Wondering what’s that big bright star that was visible all night? It was the planet Jupiter, and it’s far brighter than any true star in the night sky. Jupiter can already be seen twinkling low in the east after twilight, and higher in the southeast as the evening wears on.
Even the skies seemed to be cloudy at night here in the Philippines, Jupiter often still stands out amidst the dark sky.
This giant gas planet is always bright, but it shines brighter this month. On the 21st (8PM PST), Jupiter will swing closer to Earth (368 million miles away) and shine brighter than at any time between 1963 and 2022 . It will remain nearly this close and bright (magnitude -2.9) throughout the second half of September.
The night of its closest approach is also called “the night of opposition” because Jupiter will be opposite the sun, rising at sunset and soaring overhead at midnight. This opposition is special because Jupiter, the largest of all the solar system’s planets, will soon reach perihelion, the closest point in its orbit to the Sun. That means it’s physically closer to Earth during this opposition than a normal one. It will rise below the Circlet asterism in the constellation Pisces the Fish and present its best views high in the sky, when its light travels through less of Earth’s atmosphere.
Because Jupiter is so close to Earth, this is a great opportunity to view it through a telescope. Jupiter is most interesting when the Gred Red Spot is visible and/or when one of the moons is casting a shadow on Jupiter’s disk.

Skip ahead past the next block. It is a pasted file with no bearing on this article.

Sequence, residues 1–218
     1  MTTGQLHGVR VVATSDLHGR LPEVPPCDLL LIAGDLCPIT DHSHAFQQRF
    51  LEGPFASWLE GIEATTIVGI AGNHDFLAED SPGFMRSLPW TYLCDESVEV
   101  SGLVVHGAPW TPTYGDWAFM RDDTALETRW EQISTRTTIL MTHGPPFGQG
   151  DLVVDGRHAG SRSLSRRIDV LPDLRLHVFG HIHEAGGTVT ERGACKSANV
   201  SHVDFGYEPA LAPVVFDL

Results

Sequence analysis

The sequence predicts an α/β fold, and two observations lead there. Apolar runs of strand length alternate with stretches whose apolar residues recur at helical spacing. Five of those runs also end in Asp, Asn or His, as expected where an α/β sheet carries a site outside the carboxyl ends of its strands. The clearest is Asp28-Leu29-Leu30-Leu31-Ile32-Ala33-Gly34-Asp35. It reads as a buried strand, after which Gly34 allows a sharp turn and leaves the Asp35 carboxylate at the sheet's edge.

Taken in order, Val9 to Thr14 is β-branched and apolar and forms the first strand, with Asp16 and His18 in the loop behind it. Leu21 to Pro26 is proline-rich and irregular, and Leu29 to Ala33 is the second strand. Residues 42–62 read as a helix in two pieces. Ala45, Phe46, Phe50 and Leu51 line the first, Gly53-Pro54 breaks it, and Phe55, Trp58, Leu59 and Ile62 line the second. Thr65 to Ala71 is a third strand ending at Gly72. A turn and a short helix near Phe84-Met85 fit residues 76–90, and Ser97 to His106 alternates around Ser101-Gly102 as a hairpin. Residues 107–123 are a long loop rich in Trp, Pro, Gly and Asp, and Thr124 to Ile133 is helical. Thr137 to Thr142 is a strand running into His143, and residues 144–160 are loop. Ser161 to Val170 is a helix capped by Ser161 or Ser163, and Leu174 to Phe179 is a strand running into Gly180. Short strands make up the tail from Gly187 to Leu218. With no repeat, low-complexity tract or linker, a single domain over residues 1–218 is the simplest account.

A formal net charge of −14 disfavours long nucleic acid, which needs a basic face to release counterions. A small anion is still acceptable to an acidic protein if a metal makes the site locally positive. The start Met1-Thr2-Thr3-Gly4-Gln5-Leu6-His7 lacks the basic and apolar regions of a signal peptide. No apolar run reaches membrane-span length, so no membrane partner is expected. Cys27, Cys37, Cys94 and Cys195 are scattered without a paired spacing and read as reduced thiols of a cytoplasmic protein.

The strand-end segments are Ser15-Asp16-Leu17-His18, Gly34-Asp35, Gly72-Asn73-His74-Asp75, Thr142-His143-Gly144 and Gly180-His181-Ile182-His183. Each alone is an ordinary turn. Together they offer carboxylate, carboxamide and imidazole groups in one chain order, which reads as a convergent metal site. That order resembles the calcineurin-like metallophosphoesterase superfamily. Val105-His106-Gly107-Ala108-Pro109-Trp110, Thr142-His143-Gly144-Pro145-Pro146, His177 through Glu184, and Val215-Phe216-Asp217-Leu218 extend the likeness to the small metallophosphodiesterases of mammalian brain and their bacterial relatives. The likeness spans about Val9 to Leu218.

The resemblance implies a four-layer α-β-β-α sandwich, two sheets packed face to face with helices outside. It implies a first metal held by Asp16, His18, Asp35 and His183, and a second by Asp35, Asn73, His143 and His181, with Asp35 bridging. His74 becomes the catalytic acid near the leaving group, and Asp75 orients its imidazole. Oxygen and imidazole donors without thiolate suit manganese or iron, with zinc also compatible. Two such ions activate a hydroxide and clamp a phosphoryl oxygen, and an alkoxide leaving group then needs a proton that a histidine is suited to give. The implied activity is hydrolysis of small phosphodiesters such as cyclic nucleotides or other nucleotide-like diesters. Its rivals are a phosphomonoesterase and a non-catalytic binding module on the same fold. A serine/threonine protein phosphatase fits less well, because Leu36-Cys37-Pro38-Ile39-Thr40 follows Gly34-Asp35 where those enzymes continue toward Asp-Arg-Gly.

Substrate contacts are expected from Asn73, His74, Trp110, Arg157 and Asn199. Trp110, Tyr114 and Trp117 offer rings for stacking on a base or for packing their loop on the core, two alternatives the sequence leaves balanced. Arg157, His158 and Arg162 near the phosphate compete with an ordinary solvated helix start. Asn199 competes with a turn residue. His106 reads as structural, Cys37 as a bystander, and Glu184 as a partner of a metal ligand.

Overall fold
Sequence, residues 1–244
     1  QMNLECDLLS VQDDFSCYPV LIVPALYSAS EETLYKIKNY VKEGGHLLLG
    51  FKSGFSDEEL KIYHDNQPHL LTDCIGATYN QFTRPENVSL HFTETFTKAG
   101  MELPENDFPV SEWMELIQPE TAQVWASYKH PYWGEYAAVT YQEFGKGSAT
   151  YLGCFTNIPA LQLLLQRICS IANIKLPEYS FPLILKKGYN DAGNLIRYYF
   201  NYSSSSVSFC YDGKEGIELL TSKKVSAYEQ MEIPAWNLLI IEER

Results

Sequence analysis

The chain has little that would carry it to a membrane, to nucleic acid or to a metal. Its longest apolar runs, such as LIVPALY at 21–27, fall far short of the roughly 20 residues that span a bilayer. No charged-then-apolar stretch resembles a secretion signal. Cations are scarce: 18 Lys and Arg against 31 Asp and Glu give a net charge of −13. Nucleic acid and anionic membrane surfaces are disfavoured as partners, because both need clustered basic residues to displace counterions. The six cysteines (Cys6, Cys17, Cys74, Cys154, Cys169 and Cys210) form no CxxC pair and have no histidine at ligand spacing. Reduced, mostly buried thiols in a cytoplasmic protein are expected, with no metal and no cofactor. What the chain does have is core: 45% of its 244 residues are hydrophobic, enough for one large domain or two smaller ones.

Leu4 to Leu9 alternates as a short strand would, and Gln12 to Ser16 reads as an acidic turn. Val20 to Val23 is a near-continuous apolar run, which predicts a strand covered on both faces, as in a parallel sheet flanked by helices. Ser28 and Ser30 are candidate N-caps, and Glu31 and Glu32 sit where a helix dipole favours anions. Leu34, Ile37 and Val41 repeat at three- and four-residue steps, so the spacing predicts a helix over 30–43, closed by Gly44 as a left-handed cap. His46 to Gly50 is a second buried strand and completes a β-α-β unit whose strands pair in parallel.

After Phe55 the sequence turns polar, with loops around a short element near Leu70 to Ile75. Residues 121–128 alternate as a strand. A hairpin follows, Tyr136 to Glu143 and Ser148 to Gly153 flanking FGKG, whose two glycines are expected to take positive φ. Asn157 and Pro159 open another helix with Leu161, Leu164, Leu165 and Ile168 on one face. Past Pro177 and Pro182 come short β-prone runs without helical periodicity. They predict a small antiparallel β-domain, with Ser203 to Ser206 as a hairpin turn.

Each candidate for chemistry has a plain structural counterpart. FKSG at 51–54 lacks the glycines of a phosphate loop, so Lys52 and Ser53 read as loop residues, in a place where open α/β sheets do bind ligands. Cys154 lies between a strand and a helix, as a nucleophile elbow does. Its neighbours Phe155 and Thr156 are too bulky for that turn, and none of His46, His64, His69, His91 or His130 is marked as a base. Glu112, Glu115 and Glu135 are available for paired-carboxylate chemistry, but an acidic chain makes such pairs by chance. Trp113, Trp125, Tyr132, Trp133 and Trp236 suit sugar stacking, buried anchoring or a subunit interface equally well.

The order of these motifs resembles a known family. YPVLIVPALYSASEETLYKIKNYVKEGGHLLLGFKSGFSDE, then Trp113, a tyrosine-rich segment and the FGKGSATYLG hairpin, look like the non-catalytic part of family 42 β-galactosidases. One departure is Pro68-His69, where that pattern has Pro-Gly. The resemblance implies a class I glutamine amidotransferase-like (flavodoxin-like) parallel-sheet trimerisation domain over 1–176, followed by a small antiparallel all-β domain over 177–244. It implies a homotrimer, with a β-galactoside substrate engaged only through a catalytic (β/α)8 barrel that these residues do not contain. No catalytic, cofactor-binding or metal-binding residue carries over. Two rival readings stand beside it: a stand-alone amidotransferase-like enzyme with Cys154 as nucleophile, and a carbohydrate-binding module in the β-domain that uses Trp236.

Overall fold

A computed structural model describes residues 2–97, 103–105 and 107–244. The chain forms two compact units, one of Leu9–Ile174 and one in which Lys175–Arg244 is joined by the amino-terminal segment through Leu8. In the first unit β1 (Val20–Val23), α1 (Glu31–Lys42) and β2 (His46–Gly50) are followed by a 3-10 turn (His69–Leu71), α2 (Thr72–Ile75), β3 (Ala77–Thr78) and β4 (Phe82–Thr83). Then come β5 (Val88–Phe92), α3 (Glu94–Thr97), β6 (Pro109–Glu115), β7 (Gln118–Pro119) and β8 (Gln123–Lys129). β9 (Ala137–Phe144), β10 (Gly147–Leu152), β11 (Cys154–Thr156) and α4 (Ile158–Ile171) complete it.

Happy sky viewing!
* * * * * *
Fast facts about Jupiter
- Jupiter is the largest planet in the solar system. More than 1,000 Earths could fit inside Jupiter, and all the other planets together make up only about 70 percent of Jupiter’s volume.
- It takes Jupiter about 12 years to orbit the Sun once, but only about 10 hours to rotate completely, making it the fastest-spinning of all the solar system’s planets.
- Jupiter rotates so rapidly that its polar diameter, 41,600 miles (66,900 kilometers), is only 93 percent of its equatorial diameter, 44,400 miles (71,500 km).
- Jupiter reflects 52 percent of the sunlight falling on it, more than any other planet except Venus (65 percent).
- Jupiter’s four bright moons, Io, Europa, Ganymede, and Callisto, are easily visible through small telescopes. Io takes less than 2 days to orbit, so its relative position visibly changes in an hour or so — less when it appears close to Jupiter.
- Our line of sight lies in the plane of the jovian moons’ orbits, so we see occultations (when a moon moves behind Jupiter), eclipses (when Jupiter’s shadow falls on a moon), and transits (when a moon passes in front of Jupiter) at various times.
- Jupiter’s moon Ganymede is the solar system’s largest satellite, with a diameter of nearly 3,300 miles (5,300 km), greater than that of Mercury.
sources: SkyandTelescope.com, Spacedaily.com, Astronomy.com